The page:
Olive oil – famous for its anti-inflammatory benefits. Olive oil contains many antioxidants, but the most famous is oleuropein, a phenolic compound which not only lowers inflammation but also free radical activity (study). Olive oil itself was linked to substantially reduce oxidative stress in this study; that means more antioxidants are available to prevent acne on your skin.
The fact that Spaniards and Italians and so on love olive oil is dramatically better for their skin then the favoured oil of America – canola oil. This vegetable oil is touted as heart healthy but it’s the opposite; canola oil contains a poor ratio of omega 6 fatty acids, which increases the inflammation in your entire body, including your face.
In this article, we discussed how resveratrol from red wine also encourages your body to manufacture its own antioxidants. Red wine has been linked to improved heart health, despite its alcohol content. It’s one of the acne friendly indulgences which I recommend.
The French and Spanish are the chief countries for red wine production and vineyards and they are notoriously obsessed with the stuff. Americas and Brits have less of a wine drinking tradition, and are more likely to down a can of beer for their alcoholic indulgence. That’s detrimental for acne because beer is made from grains like barley and wheat (note: complete guide to alcohol and acne here).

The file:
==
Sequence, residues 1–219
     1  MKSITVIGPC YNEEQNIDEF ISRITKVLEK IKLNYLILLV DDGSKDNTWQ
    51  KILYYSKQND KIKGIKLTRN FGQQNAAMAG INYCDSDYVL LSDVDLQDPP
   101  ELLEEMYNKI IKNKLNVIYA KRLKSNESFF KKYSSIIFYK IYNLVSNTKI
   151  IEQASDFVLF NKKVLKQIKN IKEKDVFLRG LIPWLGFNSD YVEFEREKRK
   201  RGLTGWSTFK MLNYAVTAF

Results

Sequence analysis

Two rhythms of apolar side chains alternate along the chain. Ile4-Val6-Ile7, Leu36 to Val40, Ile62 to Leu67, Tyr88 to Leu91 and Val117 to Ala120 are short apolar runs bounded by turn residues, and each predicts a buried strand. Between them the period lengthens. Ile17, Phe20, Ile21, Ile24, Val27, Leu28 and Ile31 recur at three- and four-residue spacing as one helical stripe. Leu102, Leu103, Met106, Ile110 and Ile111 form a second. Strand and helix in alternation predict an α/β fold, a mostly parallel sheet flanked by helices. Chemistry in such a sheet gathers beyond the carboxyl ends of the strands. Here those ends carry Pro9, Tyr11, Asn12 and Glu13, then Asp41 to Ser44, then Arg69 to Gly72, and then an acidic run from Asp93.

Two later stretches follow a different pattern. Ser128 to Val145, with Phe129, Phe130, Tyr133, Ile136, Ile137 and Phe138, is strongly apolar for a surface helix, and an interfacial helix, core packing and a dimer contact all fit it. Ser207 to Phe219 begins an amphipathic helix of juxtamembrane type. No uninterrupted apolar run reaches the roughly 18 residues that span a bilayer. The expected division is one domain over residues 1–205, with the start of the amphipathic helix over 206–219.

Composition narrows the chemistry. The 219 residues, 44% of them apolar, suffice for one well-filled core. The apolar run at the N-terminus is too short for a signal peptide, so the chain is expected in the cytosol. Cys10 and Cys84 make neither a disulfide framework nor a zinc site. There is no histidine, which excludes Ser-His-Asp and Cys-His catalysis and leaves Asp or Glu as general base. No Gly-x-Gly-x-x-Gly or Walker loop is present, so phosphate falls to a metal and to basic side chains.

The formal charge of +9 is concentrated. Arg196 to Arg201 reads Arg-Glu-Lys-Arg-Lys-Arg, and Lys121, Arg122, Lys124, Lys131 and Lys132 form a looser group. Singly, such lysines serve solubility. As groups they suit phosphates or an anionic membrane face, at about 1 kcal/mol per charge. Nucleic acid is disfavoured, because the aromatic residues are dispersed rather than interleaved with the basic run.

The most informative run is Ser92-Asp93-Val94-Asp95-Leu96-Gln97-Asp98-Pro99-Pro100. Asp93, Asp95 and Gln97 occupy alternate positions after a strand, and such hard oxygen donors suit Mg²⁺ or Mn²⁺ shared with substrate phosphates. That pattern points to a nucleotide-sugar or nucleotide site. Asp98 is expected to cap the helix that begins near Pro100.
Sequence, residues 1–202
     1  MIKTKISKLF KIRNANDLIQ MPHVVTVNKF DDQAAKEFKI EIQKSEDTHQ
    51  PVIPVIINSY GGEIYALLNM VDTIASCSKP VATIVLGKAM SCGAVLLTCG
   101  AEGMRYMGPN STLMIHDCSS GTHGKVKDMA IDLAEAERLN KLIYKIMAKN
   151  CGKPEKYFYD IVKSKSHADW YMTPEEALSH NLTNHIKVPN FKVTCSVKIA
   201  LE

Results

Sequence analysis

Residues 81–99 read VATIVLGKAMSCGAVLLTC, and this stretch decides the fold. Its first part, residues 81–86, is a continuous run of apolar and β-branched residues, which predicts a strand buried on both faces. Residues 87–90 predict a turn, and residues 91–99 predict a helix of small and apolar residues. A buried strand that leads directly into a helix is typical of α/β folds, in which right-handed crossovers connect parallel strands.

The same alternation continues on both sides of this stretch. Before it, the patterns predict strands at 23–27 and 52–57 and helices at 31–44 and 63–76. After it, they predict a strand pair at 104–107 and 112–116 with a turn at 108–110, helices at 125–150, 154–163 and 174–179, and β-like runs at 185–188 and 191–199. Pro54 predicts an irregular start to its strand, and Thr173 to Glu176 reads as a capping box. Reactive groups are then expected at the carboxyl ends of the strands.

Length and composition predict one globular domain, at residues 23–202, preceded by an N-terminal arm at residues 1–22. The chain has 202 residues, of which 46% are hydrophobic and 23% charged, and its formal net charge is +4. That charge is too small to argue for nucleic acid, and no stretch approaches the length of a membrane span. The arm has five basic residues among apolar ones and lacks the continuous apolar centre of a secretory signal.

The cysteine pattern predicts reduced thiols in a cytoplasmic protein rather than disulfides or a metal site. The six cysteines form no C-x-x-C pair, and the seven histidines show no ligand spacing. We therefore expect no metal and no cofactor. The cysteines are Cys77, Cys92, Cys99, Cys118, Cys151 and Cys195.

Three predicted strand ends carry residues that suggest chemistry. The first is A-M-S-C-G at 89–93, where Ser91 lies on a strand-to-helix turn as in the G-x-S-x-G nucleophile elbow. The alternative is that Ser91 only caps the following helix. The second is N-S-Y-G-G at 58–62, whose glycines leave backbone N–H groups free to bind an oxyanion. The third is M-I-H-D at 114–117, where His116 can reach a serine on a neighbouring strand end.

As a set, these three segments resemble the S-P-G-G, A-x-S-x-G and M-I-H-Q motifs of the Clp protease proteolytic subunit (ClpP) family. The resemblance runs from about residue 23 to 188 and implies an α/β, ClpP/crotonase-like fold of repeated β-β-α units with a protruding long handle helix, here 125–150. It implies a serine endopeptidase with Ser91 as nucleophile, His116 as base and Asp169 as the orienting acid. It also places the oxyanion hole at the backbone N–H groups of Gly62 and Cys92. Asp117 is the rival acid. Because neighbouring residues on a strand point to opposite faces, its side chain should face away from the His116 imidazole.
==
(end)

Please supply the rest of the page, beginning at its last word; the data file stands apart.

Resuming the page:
Emphasis on unprocessed food – in this article we discussed how processed food is the bane of the Western world, and the bane of all acne patients.
You never know what you’re eating in a fast food hamburger, a 50 cent milk chocolate bar, or a packet of blueberry flavoured cookies. Added sugar where you least expect it, vegetable oils like canola oil, phthalates which leach in from the plastic packaging, trans-fats – processed foods can contain any of those acne villains.
That’s why eating mostly fresh produce from local farms, in the style of the French or Italians, is a very smart idea. Processed food has a seriously bad reputation in the Mediterranean. Wine comes from local vineyards, family dairy farms haven’t gone out of business yet, and the same applies to meat farms. Chocolate is not laced with additives like in the US; instead its superior flavour comes from being lovably hand crafted.